Takoyaki, takoyaki!” a vendor announced as he pushed a steaming metal cart through the crowd. Yuki skirted to a halt, trying to avoid colliding with the cart as she watched the cat’s tail flick out of view behind the hazy smoke of sizzling takoyaki. Yuki squeezed her way around the cart, running past the bakery where she’d pick up fresh anpan on weekends.

“Eeek!” Up ahead, Yuki saw a man selling Japangeles windbreakers jump into the air and let out a shrill shriek. So that’s where the cat went, she thought to herself, continuing to run forward. By the time she had reached the edge of the square, the man selling Japangeles merchandise had fled to Nijiya.

Where had the cat gone? Everyone around her seemed wrapped up in the Tanabata festivities, drinking matcha lattes and eating dango. Through the chatter of the crowd, Yuki heard the chiming of tiny bells atop the tree that stands in the main square. The bamboo display sprouting off of the tree was covered in tanzaku, the paper wishes blowing in the wind and spinning around on their strings.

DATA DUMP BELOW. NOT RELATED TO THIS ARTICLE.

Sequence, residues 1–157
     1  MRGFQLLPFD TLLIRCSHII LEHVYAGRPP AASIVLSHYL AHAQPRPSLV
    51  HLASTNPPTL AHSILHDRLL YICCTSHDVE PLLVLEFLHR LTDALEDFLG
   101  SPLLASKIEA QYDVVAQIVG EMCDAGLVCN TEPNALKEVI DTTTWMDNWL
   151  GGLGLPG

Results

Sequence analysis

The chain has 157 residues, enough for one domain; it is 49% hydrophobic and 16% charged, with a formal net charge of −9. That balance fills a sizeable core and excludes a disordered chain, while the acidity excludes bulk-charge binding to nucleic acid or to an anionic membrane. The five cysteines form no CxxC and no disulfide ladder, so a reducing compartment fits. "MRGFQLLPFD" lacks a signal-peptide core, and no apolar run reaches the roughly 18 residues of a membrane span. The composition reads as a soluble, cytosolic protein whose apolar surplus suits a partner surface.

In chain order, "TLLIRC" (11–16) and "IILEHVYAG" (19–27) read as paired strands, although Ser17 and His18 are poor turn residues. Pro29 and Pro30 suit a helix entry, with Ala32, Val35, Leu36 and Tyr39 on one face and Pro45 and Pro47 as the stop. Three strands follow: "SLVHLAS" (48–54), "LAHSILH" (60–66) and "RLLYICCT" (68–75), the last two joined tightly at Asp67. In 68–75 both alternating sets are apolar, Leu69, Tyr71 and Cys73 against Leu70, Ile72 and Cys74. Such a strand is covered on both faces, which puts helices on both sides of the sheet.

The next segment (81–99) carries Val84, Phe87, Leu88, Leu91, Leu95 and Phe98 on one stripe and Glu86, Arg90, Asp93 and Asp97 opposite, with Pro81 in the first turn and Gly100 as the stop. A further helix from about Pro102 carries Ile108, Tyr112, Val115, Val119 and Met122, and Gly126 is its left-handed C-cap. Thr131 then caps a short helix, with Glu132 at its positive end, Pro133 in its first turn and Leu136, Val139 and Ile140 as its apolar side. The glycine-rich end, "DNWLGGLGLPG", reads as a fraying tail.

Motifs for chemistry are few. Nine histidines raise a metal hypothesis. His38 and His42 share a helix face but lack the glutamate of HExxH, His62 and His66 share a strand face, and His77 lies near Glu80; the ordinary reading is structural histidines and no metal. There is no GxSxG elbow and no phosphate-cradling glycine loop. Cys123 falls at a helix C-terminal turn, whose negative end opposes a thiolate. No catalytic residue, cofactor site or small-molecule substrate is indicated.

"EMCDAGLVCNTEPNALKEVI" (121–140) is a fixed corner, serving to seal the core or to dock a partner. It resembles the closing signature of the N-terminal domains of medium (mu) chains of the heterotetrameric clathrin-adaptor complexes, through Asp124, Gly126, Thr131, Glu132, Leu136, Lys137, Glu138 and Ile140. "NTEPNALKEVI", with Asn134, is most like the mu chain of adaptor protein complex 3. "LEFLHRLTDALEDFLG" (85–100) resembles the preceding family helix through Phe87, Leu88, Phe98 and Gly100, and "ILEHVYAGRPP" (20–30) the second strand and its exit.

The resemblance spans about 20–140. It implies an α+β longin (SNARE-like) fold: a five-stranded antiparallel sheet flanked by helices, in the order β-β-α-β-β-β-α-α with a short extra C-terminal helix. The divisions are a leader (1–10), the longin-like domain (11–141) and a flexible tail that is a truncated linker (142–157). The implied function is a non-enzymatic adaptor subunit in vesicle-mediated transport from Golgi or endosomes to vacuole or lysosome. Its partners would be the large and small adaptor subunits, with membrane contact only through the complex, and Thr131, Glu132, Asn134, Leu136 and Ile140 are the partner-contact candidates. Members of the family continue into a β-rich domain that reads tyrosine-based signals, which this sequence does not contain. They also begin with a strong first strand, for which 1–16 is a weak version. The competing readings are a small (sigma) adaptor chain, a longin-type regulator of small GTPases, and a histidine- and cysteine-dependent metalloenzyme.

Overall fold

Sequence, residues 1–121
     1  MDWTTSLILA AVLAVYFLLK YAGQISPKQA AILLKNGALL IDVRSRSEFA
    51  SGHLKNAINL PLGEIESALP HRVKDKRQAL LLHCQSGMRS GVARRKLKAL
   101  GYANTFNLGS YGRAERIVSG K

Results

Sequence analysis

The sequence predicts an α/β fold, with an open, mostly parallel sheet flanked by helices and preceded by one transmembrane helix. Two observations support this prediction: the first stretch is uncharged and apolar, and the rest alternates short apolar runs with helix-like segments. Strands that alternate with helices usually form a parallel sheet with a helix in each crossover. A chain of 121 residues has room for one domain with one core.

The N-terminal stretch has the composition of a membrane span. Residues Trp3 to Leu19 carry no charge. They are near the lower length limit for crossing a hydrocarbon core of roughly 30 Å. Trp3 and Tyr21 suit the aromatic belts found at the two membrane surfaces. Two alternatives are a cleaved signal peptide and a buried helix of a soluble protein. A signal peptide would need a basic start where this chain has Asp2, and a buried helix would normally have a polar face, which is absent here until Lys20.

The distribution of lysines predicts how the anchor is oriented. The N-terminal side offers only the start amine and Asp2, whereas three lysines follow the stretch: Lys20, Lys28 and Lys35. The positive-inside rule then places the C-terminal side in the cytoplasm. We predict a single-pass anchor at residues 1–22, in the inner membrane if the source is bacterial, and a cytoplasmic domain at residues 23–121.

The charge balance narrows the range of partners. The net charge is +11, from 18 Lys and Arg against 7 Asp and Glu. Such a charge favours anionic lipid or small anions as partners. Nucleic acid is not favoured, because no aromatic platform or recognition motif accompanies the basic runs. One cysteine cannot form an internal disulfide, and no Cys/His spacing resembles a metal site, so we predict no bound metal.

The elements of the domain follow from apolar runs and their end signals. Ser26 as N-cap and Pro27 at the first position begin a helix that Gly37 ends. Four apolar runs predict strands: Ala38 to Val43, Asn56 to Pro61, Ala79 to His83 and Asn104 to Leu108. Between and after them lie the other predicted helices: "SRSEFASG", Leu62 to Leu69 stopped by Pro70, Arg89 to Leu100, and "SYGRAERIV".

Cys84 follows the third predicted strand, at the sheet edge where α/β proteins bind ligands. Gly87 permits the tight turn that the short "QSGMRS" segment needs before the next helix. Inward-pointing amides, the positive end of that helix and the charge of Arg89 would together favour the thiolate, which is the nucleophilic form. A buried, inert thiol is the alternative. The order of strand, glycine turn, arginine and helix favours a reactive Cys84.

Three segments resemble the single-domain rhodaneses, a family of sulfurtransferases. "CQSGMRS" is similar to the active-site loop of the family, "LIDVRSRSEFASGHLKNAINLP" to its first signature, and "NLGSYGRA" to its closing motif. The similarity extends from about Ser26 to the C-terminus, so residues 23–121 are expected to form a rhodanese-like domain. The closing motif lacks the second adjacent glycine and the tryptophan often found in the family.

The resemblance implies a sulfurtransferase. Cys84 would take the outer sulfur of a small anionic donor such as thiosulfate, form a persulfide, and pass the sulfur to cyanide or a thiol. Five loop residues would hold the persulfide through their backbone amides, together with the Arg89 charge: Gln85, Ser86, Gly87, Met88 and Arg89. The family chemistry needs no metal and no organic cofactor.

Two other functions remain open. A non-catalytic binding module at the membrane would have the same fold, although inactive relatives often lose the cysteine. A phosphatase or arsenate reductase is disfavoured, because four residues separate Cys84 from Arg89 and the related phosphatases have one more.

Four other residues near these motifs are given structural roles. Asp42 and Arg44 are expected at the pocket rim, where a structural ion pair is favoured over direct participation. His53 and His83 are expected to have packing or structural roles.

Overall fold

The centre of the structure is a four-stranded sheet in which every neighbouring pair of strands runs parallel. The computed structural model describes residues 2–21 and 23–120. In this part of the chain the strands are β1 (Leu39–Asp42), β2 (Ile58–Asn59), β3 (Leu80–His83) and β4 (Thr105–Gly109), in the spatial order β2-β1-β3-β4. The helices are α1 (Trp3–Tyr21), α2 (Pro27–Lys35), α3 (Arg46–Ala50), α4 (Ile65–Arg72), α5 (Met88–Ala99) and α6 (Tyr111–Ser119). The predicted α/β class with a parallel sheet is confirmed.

Yuki tried to steady her breathing. She had lost the cat and the tanzaku papers. Maybe she was too old to make a wish after all. Yuki took another breath and turned to head back to the shop when something furry caught her eyes.

The cat slipped out of one of the shops near the tree. It emerged beneath the shop’s display of eternally flowing desktop rock fountains, holding a pen and the tanzaku in its mouth. The cat scurried up to the base of the bamboo wrapped tree and looked around before standing up on its hind legs. Yuki’s mouth hung agape. The cat was standing upright!

It uncapped the pen with one of its soft paws. Yuki wiped her eyes, wondering if spending too much time behind the counter could have had some delirious effects. The cat scrunched its face up with focus, scratching something out with pen onto the papers. Yuki walked cautiously around the wishing tree, ducking down behind the rock sculpture she used to climb on as a toddler. Yuki watched with wide eyes as the cat stretched up, trying to tie its wish to a shoot of bamboo.